Drug-resistant Headache and Cranio-facial Pain: Rationale for Greater Occipital Nerve Stimulation

Despite the advances in the management of headache disorders, many patients suffering from chronic migraine are refractory to current treatments. New treatments backed by good evidence are therefore in great need. Electrical stimulation of peripheral nerves is used to treat various painful conditions including headache disorders. More recently it has been reported good outcome in these painful conditions with subcutaneous placement of leads at the level of C1 and stimulation of the greater occipital nerve: This procedure is named Occipital Nerve Stimulation (ONS). The clinical conditions treated with ONS include occipital neuralgia, Trigeminal Autonomic Cephalalgias (TACs), migraine and transformed migraine.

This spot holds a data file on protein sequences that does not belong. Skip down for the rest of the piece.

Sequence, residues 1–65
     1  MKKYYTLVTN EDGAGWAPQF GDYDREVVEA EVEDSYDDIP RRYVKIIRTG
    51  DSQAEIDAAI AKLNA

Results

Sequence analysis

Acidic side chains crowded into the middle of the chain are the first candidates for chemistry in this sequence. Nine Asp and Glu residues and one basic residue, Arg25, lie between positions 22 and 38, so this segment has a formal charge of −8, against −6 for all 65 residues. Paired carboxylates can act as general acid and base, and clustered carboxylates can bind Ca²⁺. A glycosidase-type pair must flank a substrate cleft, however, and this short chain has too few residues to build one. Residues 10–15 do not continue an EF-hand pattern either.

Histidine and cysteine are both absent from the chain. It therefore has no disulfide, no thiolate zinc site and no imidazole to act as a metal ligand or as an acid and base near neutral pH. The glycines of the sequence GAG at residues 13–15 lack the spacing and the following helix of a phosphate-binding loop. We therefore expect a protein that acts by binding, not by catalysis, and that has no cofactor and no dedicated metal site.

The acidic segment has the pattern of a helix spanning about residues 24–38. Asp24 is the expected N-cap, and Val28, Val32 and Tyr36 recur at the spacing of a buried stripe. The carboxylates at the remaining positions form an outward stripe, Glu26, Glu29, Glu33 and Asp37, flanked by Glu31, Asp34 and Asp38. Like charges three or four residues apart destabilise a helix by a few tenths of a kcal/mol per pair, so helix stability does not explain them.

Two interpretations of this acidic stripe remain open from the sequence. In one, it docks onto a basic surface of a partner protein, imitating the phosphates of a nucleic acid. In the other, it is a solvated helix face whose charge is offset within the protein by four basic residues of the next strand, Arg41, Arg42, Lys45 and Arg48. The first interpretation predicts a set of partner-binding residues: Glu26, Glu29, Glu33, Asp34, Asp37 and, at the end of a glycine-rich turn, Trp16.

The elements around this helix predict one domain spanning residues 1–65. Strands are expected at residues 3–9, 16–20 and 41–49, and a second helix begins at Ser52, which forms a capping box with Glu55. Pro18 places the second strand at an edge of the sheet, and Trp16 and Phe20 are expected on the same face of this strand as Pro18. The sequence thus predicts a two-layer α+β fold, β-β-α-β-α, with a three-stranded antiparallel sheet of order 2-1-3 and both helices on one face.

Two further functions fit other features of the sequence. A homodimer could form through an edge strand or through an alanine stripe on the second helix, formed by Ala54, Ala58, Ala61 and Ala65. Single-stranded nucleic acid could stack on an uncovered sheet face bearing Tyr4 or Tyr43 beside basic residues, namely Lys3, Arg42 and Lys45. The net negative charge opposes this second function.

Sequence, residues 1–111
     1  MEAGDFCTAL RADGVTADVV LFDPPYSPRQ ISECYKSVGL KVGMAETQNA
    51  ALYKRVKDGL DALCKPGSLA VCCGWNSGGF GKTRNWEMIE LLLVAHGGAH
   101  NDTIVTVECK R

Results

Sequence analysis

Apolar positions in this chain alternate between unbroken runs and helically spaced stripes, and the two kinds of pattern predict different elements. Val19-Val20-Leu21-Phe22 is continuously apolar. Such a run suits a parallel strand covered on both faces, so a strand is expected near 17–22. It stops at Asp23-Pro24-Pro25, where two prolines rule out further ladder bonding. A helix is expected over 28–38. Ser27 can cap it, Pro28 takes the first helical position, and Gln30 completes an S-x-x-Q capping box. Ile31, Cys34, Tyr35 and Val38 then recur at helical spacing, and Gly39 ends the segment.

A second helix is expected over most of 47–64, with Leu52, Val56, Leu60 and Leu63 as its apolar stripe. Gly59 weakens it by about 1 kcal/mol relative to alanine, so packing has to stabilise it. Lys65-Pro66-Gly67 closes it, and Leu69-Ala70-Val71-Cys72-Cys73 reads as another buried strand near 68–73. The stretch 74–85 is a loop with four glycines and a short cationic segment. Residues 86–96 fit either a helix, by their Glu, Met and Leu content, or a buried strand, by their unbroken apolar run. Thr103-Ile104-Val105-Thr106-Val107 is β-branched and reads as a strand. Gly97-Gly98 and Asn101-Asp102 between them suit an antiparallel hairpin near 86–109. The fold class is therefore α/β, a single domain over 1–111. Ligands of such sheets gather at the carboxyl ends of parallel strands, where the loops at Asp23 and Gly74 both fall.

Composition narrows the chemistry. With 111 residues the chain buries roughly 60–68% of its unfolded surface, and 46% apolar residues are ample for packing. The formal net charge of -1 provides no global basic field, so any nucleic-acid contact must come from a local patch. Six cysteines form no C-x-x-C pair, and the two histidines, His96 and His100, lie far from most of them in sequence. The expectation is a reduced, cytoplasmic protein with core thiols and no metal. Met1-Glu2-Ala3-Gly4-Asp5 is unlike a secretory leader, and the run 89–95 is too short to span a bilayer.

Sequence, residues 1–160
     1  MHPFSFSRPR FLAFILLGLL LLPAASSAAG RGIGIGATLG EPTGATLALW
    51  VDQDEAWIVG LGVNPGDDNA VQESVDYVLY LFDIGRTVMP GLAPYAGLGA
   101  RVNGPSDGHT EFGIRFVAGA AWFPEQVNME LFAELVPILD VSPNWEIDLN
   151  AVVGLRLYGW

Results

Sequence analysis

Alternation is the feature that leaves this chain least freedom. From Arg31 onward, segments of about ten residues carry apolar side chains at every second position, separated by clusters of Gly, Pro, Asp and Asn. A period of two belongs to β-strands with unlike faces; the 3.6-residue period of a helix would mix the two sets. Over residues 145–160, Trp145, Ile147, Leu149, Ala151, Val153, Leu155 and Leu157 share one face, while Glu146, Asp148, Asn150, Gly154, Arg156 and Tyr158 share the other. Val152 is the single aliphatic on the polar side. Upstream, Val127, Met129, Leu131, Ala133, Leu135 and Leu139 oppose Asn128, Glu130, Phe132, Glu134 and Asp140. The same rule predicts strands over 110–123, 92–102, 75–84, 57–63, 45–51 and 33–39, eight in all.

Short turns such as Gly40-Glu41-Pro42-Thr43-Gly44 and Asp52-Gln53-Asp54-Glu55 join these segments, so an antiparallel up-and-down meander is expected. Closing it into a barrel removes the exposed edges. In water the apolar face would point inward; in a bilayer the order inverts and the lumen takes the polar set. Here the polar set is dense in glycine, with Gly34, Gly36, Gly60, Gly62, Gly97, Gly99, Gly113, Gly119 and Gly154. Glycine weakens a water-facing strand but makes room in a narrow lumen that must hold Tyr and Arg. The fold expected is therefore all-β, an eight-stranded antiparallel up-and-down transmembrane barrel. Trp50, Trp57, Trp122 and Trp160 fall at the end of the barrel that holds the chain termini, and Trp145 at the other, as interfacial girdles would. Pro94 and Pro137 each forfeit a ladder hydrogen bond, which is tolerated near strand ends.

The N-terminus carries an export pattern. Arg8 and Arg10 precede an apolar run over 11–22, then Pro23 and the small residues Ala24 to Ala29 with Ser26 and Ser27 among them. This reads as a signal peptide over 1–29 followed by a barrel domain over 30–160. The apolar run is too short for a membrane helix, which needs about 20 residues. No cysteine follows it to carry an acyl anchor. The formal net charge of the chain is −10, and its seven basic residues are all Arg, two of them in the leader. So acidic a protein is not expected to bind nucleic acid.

Cranio-facial Pain
Cranio-facial Pain

The surgical procedure is divided in two steps. In the first step, with the patient in prone position under local anaesthesia, a vertical incision of 2 cm is made in posterior cervical region in the midline on the external occipital protuberance. Under fluoroscopy control, a Tuohy needle is passed transversely in the subcutaneous space across the base of the greater occipital nerve at the level of C1 starting from the midline incision towards the mastoid process and following the trajectory of the nuchal line.


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